which is about immigrants. "I am astonished," Ebert wrote,
"by the will and the faith of recent immigrants I meet. Think
what it takes to leave home, family and even language to try for
a better life in another country."
Brennan has apparently had an unusual freedom of access to boatpeople
in detention camps. Yet he tells us little about them as human beings.
Sparse anecdotes are used to belabour the Government for its harsh
treatment of them. We learn next to nothing about their experiences,
their values, their aspirations.
Similarly, the word moral is used more than 100 times, often as
a qualifier in phrases such as "the moral calculus" and
"moral discourse", but largely to highlight the wickedness
of Australia's conduct.
I'm not sure Brennan would concede his book is political. Yet he
reproduces 17 belligerently political newspaper cartoons, 16 of
them antagonistic to the Government and several amounting to muggings
of the Prime Minister.
He dabbles recklessly in moral equivalency. In the context of detention
centres, he writes: "On a visit to the Changi war prison I
realised that the abuses of detention are always more aggravated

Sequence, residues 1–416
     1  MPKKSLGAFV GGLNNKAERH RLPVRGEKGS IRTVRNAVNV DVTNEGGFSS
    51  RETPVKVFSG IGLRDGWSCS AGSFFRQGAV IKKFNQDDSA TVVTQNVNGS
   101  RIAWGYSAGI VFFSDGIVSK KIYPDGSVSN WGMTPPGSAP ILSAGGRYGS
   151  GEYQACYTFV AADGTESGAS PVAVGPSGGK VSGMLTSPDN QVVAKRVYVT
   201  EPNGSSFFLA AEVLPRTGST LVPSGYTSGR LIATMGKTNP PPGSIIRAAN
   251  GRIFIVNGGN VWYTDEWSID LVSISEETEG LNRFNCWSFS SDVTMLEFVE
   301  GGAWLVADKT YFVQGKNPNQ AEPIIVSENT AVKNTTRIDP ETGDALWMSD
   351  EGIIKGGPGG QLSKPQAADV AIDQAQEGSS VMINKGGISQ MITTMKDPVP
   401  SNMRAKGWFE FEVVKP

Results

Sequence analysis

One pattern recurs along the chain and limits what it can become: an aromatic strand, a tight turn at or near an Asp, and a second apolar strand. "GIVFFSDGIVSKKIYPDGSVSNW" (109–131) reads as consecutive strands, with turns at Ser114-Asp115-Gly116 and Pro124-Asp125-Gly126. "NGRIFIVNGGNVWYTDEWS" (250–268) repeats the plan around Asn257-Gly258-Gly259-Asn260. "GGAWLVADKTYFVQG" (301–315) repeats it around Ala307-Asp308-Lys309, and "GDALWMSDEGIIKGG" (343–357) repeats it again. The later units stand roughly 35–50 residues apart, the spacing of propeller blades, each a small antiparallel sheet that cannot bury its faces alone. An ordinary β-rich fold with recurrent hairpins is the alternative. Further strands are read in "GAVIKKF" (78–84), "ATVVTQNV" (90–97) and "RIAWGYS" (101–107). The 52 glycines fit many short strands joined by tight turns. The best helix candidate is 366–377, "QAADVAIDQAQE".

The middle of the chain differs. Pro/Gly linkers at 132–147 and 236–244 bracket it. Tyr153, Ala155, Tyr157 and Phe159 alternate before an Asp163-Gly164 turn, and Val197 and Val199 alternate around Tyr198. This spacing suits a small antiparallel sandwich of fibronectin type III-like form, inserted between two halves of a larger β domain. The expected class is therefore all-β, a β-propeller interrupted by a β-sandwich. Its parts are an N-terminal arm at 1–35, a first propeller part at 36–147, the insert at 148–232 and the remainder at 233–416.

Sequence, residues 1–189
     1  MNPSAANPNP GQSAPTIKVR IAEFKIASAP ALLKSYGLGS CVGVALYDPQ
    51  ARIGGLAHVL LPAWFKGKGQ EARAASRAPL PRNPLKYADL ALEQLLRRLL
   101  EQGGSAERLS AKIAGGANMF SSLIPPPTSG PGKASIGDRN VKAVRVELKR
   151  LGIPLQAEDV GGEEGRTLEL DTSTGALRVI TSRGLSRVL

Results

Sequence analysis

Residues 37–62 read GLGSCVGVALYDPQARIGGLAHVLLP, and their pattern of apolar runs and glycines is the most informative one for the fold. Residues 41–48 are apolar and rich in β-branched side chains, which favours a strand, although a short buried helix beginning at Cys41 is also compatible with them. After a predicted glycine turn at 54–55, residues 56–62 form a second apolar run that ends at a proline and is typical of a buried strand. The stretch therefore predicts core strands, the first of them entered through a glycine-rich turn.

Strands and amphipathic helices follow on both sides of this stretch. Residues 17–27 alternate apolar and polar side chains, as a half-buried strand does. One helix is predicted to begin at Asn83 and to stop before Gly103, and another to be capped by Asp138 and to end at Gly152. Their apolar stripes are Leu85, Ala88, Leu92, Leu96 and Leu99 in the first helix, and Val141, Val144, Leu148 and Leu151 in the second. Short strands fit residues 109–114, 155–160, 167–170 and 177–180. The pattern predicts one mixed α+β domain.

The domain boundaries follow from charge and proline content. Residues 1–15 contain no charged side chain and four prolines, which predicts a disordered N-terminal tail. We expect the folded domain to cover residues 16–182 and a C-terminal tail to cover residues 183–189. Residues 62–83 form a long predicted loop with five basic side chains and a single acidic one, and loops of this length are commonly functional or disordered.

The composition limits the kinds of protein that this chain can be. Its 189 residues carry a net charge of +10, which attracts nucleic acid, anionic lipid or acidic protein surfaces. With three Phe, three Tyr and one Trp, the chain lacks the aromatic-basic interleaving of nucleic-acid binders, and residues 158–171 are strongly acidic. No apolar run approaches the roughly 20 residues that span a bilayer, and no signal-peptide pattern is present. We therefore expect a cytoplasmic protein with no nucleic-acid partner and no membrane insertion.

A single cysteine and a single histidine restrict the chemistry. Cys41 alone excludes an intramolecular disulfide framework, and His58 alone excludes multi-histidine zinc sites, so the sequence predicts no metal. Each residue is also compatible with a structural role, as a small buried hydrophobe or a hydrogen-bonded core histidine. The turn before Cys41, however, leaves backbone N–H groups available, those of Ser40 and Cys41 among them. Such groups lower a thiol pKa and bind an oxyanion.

when the jailers are people of another race." And in a curious,
superficially non sequitur anecdote, Brennan inadvertently reveals
an overarching political credo.
Meeting them both by chance at Sydney airport, Brennan introduced
a Palestinian refugee named Wahid to the suspended chairman of the
Aboriginal and Torres Strait Islander Commission, Geoff Clark.
"We've got the same minister," Clark tells Wahid. (Philip
Ruddock was then the minister for immigration and multicultural
and indigenous affairs). Brennan realises "suddenly" that
Ruddock was "minister for everyone who is 'other' in contemporary
Australia". Clark goes on: "I tell our minister, 'I don't
mind you making tough laws for boatpeople providing they are retrospective."'
He points to Brennan. "This mob are all boatpeople. But now
they think they can run the show."
So there it is. Poisoned by the original sin of stealing the continent
from the Aborigines, Australian society is intrinsically corrupt
and immoral. It can be redeemed only by radical social and political
Well, everybody's entitled to their opinion.